EXCLUSIVE:Stunning New High End 360 Degree OZ Speaker Gets Global Attention
Pantheone is a brand-new Australian speaker brand that is looking for a distributor for a 360 degree audio product that is among the best designed audio products we have ever seen.
You have most probably never heard of this brand and neither had I until, the owner of my local chicken shop, told me that he had invested in a Company that was about to deliver a high end network speaker that would blow Sonos out of the water.
My investigation of this Company led me to Pantheone CEO Oren Adani and what he told me, led me to believe that he has a real winner on his hands and that Pantheone is a serious contender in the speaker market, especially as the speaker makes most speakers look old hat and need of a design makeover.
Adani describes the new speaker as a passion project after a lifetime of labour. “We are at a stage in our lives that we are able to be in a state of mind that allows us to do what we have wanted to do for a long time,” he said.
The 24bit/192K speaker itself is made from high-density resin unlike the plastic found in a Sonos speaker, this material delivers exceptional rigidity and robustness and dampens vibrations and enhance internal acoustic wave management.
Up to eight Pantheone I devices can be synced together and will work in unison to project stereo sound.
The head acoustic engineer, Adrien Stachowicz, came from French sound brand Focal where he gained more than 50 years of experience delivering premium sound.
But it’s the look that hits you first, the shaping of the speaker with its natural flowing curves is set to have enormous appeal especially with women who often want to hide speakers because basically most premium audio speakers are ugly or have not changed in 50 years.
The Pantheone is different as it not only delivers exceptional it also has some very unique people behind its design including sound creative director, Anne-Claire Bottos, who in the past has worked on luxury design for brands such as Cartier, Yves Saint Laurent, and Givenchy
The Pantheone weighs 25 kilograms because of the solid nature of the resin material the speaker is made from.
Set to be priced at around $3,500 the speaker is set to be extremely popular not only here in Australia but overseas and in market such as the USA where the product is currently being marketed.
“We have spent three years developing this speaker and we now have our first full production samples which have blown people away” Adani told SoundMag.
Adani contends that when we listen to music now, most of us will close our eyes and just listen.
That wasn’t good enough for him.
Because the Pantheone team designed their speaker system to be an art piece that sounds excellent, they engineered themselves into a situation where they had to deliver the best of both worlds a great looking speaker and exceptional sound.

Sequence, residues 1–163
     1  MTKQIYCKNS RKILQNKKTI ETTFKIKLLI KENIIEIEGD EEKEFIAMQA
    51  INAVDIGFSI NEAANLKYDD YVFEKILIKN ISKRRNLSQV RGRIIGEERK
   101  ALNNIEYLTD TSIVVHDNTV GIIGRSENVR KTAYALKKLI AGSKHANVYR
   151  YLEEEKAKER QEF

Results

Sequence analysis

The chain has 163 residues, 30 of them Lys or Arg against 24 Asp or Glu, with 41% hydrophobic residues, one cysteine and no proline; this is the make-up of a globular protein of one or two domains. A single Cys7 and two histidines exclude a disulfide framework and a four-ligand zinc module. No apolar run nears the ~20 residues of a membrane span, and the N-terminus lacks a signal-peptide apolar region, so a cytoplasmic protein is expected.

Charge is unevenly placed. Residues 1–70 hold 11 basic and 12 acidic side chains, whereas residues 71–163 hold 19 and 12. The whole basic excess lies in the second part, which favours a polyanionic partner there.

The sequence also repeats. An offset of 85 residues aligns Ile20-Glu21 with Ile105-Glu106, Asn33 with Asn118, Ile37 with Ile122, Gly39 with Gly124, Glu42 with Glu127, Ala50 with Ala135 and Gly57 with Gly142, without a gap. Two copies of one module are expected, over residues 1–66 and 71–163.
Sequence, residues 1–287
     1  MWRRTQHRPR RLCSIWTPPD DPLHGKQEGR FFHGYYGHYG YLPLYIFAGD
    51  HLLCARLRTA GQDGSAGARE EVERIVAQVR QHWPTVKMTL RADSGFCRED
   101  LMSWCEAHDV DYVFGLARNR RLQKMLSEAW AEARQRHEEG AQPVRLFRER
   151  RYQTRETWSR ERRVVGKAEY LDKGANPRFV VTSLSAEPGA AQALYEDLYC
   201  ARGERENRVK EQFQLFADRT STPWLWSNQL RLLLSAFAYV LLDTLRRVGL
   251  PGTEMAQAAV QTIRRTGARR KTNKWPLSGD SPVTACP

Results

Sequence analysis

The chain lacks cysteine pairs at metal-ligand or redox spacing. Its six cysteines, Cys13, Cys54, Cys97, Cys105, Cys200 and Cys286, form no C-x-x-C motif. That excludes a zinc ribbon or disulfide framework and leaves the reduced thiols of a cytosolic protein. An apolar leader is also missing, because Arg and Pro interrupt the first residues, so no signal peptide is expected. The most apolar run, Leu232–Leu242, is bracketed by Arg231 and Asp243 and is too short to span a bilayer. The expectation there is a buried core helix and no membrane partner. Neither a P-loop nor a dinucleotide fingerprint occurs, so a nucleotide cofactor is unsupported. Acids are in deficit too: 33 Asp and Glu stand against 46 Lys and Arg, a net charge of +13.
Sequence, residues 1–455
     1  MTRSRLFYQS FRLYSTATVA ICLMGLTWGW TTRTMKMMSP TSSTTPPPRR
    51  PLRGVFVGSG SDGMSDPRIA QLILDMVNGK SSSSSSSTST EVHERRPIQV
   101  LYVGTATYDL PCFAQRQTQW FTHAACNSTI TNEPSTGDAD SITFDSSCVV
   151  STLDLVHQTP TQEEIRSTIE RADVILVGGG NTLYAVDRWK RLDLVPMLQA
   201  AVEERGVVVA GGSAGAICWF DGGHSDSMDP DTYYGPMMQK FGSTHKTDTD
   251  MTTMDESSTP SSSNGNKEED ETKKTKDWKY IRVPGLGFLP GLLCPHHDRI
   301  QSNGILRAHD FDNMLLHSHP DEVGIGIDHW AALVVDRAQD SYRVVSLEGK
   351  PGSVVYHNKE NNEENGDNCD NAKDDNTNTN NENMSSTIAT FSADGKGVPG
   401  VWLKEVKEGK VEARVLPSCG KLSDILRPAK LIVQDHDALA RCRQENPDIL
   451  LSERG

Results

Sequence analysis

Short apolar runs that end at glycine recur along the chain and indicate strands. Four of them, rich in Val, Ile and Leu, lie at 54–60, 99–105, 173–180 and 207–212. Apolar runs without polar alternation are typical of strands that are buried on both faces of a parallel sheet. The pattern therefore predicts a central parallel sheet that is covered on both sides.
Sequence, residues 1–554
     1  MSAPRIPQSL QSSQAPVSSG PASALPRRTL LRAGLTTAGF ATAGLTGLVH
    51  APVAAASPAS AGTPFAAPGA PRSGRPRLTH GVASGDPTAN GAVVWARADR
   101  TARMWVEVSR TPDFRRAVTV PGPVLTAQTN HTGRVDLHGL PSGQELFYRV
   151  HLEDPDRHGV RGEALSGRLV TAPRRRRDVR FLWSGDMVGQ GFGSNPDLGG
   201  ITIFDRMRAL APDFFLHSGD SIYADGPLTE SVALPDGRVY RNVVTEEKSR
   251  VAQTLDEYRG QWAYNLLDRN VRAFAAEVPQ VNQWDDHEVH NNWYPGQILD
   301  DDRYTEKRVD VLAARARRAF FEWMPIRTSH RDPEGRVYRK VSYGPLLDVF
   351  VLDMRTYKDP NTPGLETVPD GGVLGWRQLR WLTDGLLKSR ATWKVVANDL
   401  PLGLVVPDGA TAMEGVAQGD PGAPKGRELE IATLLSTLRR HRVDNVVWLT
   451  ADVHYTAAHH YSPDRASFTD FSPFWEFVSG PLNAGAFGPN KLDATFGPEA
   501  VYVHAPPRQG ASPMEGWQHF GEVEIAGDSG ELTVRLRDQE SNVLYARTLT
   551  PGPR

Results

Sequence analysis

To produce quality sound, the main drivers needed to be a certain size, yet driver size was constricted by the design.
“Construction of the Pantheone I was one of the harder things to do from a consumer electronics perspective because of the shape of the product,” Adani explained. “Mechanically, you need to find a way to put the drivers in the right places. The 360 sound, the woofers, everything in one unit.”
Not only did all the parts have to fit into small, specific places, they also had to perform. “It’s very powerful, and so the unit can fill a very big room. We did some testing, just to assure we could even put drivers where we did,” he said.
“What we wanted to create was something where you wouldn’t want to close your eyes, and instead use all your senses when you’re listening to music.”
The speaker itself is an is artform that makes a room come to life especially when switched on.
The speaker itself supports Spotify, Amazon Music, Tidal (including Master tracks), TuneIn, and even Apple Airplay, as well as a host of codecs from the lowly MP3 to HE-AAC V2.
Operated on either an Android or iOS app external input can be via a mini jack, Bluetooth, Ethernet, and Wi-Fi.
Adani, Stachowicz, and Bottos all claim that their first speaker is based on the idea that an audio device must be as beautiful to behold as it is to hear.
“From the visual side of it, speakers have always been just a box in different shapes. I wanted to make something that was more of a [statement piece],” Adani said. “I wanted it to flow with what is around you, and not just be an obstacle that you have in the way.”
SoundMag is aware that two local distributors are already talking to the Company about distributing the product, as for the Company they will most probably have to attract additional investors as there is a real possibility that this product could become a global success very quickly as the product is unique, sounds good and looks exceptional.